Trends: Cold Water on Robots; Cool Clocks

In this trendwatching podcast, Cathi Bond, lover of all things robotic, reports on an interview with roboticist, Noel Sharkey, about why he thinks robots will never have enough of a nuanced response to fight wars or take care of elderly or ill people (via New Scientist)

Meanwhile, Nora Young mentions QlockTwo, one of a growing number of clocks that display time in unusual ways.  She wonders whether it’s just that we have so many embedded, functional clocks, that we know crave clocks as art. (Via Michael Surtees’ DesignNotes blog)

5 Responses to Trends: Cold Water on Robots; Cool Clocks

  1. I remember when programmers began to create chess computers programs.
    The prophecies were that while they would be strong, they would take eons to compete with the positional understanding of top grandmasters. Now it is clear they can compete at the highest level. Yet people do not want them to compete–they use them for endgame analyses or post-mortems on games. Indeed, the main use of computers in chess is not to “play the game” but to facilitate internet play by others who use the computer only to access the website, not to suggest moves.

    My wife’s first cousin is a successful sundial artist in Arizona. It’s an impressive set of mathematic exercises he uses to create a sundial, with an awareness of longitude and latitude and pin-point calculations. His sundials are in demand in various locales, each of which must be extensively calibrated. Still, the resulting sundial is imprecise by clock standards. Yet it is the “visual tactile nature” of the sundial that inspires.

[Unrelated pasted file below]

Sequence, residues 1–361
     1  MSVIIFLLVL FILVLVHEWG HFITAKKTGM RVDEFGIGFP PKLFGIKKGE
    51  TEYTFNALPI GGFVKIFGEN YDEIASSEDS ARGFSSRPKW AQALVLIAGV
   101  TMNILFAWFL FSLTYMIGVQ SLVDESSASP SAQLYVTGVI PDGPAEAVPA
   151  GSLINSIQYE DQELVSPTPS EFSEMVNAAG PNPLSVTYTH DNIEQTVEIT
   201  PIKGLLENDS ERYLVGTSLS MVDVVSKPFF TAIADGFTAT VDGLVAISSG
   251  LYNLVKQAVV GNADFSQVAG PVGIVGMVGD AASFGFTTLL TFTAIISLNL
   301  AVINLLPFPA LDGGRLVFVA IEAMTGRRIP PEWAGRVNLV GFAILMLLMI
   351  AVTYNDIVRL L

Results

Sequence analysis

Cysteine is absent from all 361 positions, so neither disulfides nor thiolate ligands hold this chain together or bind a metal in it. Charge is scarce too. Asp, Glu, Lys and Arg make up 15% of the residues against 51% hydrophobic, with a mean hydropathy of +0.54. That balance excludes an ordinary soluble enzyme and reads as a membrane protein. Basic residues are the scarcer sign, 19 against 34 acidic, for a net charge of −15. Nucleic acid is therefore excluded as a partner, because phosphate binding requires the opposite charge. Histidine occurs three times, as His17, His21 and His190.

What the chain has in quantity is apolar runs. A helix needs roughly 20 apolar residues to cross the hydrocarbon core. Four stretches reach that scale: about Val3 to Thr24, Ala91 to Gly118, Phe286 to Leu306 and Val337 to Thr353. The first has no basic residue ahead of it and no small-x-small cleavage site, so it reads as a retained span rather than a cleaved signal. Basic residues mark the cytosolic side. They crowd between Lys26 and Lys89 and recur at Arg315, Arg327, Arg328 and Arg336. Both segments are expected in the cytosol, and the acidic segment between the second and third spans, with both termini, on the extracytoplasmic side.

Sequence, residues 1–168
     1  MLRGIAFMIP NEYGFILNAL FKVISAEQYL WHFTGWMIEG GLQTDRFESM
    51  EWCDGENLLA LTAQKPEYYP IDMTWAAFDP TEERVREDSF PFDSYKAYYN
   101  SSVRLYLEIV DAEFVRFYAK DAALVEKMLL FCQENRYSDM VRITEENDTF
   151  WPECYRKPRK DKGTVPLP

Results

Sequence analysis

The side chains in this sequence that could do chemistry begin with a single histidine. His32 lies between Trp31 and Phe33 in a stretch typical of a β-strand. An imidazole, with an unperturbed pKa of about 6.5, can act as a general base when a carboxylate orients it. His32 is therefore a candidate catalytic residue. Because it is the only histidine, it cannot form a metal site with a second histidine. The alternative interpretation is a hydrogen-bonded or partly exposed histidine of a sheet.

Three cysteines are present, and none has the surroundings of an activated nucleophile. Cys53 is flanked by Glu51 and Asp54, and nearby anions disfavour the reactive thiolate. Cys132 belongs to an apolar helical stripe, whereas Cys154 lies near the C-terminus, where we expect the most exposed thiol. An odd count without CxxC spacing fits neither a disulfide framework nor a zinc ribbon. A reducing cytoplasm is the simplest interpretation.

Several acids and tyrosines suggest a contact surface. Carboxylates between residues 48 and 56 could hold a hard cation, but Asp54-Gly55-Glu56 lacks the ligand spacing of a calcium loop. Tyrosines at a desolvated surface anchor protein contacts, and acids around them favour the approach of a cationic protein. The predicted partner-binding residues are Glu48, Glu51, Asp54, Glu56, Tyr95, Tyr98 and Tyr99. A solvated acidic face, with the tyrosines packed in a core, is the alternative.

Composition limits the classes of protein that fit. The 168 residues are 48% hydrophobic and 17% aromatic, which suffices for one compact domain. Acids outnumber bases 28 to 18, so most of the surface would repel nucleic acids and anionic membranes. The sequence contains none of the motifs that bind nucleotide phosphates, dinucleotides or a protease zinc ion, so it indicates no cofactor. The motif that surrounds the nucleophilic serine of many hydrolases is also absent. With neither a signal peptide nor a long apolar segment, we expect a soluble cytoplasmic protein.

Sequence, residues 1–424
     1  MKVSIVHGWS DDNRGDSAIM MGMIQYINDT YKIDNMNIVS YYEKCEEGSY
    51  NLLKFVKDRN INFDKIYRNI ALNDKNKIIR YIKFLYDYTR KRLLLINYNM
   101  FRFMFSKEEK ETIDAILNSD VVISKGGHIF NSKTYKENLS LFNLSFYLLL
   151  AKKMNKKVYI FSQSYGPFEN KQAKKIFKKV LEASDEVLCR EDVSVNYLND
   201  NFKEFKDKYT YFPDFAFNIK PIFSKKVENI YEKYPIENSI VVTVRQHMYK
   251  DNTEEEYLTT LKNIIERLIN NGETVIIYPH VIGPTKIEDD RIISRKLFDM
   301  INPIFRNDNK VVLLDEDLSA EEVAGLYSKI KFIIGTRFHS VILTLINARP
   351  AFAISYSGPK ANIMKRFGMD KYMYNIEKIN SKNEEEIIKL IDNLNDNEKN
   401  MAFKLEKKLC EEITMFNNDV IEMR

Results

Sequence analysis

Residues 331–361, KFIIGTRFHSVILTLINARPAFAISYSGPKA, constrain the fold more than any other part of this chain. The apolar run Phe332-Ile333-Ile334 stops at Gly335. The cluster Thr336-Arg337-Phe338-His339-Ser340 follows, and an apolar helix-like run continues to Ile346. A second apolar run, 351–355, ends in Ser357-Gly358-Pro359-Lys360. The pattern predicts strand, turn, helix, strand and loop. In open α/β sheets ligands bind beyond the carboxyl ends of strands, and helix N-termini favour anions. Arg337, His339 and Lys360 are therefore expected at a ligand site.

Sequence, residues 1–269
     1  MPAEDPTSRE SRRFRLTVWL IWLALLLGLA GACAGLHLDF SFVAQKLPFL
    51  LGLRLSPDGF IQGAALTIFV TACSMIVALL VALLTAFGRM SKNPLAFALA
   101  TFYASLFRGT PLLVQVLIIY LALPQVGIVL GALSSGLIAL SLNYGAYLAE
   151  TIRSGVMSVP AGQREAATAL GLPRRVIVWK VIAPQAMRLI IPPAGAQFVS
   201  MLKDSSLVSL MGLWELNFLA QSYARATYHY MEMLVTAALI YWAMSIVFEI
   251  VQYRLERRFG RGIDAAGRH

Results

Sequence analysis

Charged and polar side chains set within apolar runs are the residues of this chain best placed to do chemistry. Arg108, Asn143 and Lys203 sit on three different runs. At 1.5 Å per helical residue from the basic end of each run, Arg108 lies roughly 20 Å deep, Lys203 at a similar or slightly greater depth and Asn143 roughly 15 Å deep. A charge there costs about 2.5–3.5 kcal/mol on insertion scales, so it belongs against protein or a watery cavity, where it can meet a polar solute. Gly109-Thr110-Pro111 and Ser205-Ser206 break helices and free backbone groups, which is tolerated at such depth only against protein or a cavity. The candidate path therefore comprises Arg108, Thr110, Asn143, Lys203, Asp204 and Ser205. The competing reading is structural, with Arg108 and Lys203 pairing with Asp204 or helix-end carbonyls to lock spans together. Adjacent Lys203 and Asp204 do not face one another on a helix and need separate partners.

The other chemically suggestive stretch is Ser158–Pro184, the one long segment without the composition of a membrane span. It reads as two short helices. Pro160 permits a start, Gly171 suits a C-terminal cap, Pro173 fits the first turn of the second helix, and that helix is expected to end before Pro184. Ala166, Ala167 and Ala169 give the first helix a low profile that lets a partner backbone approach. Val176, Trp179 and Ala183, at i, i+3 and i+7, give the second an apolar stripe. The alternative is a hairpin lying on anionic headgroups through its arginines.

Something about the sun “making time appear” before us speaks to some innate time “thing” within, I think. There is a showmanship about time, whether it is the grandfather clock, the cuckoo, the hourglass, or even the little light on my five dollar digital from a discount store. Clocks provide a kind of ambient entertainment we do not understand, but almost all experience.

  2. What does it say about us when our need to know the time of day down to the picosecond spills over from all of our “embedded, functional clocks” into our art?

    Great show ladies! Any pics of the Bilca corn?

    Cheers!

  3. Yeah, Cathi. We want to see the corn!!

  4. Pingback: The Sniffer » Blog Archive » Trends: Pushy Drivers and Cool Carpools

  5. Oh no the Bilca corn! Nora you took that hideous photo of me chomping on it didn’t you? But please whiten my teeth first.

    That Bilca corn was amazing. I’m still dreaming about it. The Bilca School of Agriculture and Journalism. Come and sleep in the cock fighting coop and learn the secrets of the sun.